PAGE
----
“Gatwick is proud to have once again hosted the regional FIRST® LEGO® League tournament and thanks all of the schools and their students for participating. With a background in engineering myself, I was extremely impressed by the standard of entries and the high level of enthusiasm with which the teams approached the competition.

“Our objective as an airport is to inform the next generation of young people about the wide range of jobs that STEM skills are needed for, and help to build a pipeline of talent for the future.” 

Mandy Workman, Education Manager at the Institution of Engineering and Technology (IET) said:

“FIRST® LEGO® League is a great competition because it develops the skills needed in our future engineers such as problem-solving, critical thinking, communication and teamwork. It really inspires students and makes STEM subjects so much fun!” 

Jo Mckinney-Green, Operations Manager, STEM Sussex, University of Brighton, said:

The day is always such an action-packed and vibrant event and it is a pleasure to be involved each year. It is incredibly rewarding to see the young people taking part with great enthusiasm and talent and we are delighted that it has such a positive impact on them in terms of their immediate studies and on their future ideas and aspirations.”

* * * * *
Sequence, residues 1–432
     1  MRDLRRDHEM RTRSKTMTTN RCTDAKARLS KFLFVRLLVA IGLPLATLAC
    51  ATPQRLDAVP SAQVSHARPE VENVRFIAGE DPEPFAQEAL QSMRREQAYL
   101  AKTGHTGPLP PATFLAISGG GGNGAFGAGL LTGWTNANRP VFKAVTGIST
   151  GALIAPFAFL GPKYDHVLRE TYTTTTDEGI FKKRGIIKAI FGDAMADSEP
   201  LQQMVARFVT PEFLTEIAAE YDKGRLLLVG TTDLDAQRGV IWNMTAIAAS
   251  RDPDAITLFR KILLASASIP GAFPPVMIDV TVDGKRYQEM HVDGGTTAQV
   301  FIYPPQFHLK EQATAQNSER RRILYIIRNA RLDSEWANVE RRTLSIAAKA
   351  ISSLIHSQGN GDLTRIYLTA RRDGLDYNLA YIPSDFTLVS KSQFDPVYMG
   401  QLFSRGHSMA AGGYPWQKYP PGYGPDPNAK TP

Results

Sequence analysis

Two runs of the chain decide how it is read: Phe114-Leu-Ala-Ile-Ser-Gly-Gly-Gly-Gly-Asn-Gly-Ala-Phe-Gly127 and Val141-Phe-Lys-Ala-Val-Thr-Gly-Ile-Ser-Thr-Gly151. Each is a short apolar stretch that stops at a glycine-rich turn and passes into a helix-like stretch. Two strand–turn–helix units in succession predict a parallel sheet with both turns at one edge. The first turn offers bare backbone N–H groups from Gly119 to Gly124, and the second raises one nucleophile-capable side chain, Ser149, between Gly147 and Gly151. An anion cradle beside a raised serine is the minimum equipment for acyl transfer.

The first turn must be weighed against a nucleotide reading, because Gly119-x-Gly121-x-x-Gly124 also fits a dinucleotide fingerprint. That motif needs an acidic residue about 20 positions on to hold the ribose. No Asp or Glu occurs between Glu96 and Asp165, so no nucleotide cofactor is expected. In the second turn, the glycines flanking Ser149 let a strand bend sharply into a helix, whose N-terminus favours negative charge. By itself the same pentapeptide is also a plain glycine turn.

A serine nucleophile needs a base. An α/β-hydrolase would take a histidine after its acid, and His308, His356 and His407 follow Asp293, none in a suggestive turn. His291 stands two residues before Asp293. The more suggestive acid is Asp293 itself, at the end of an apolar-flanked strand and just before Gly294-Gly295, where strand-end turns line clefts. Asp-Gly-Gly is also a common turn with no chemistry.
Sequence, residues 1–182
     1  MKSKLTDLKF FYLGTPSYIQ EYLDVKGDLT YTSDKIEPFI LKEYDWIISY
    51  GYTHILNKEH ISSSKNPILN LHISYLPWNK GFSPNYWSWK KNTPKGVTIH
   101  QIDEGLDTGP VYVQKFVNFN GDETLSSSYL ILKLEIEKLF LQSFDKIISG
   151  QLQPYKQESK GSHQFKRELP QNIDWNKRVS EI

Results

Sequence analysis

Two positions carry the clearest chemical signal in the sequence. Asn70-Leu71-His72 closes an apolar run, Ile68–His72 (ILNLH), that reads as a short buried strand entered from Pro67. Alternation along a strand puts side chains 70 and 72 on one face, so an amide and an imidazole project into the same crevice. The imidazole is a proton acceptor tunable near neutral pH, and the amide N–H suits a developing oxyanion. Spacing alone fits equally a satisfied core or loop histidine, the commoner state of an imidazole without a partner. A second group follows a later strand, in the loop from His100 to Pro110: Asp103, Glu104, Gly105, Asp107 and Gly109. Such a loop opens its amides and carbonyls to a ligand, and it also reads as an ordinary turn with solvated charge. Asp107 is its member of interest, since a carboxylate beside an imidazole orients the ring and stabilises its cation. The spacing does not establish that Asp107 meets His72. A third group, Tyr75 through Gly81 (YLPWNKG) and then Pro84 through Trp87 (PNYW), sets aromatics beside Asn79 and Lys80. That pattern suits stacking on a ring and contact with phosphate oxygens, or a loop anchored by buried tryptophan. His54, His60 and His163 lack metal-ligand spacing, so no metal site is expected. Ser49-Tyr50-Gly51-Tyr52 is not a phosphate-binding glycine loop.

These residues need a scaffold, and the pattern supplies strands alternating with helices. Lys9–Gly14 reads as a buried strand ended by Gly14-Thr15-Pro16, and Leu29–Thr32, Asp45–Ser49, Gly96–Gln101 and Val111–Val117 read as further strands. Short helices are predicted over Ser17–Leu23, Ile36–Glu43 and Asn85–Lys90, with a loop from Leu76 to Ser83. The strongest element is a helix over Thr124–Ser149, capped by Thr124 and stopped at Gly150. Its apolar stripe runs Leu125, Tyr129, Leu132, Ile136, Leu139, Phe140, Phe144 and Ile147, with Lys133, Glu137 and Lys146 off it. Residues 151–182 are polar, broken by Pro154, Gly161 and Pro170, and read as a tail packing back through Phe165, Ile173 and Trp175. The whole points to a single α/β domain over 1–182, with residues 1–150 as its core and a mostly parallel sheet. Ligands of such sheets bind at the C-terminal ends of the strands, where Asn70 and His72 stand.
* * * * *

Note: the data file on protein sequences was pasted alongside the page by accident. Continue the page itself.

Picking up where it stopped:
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Michael Ferry: Education – It’s more than just good grades

Headteacher at St Wilfrid’s Catholic School, Michael Ferry on the price of education and how funding impacts schools.



Michael Ferry, Headteacher at St Wilfrid's Catholic School

Let me first start by asking the question, “What is Education?”.

Is it purely the pursuit of academic excellence or is it more than that? We live in a society that has to measure everything and in the realms of education it is quite easy to find things to measure. Take for instance the % of students in a school who achieve a Grade 4 or better in English and Maths. That’s an easy measurement to make and allows parents to make direct comparisons between schools; dead easy, yes? Well actually, no it isn’t as simple as that. When you start comparing these types of attainment data, you are only comparing the “end results” and what you can’t compare is the level of progress being made in different schools.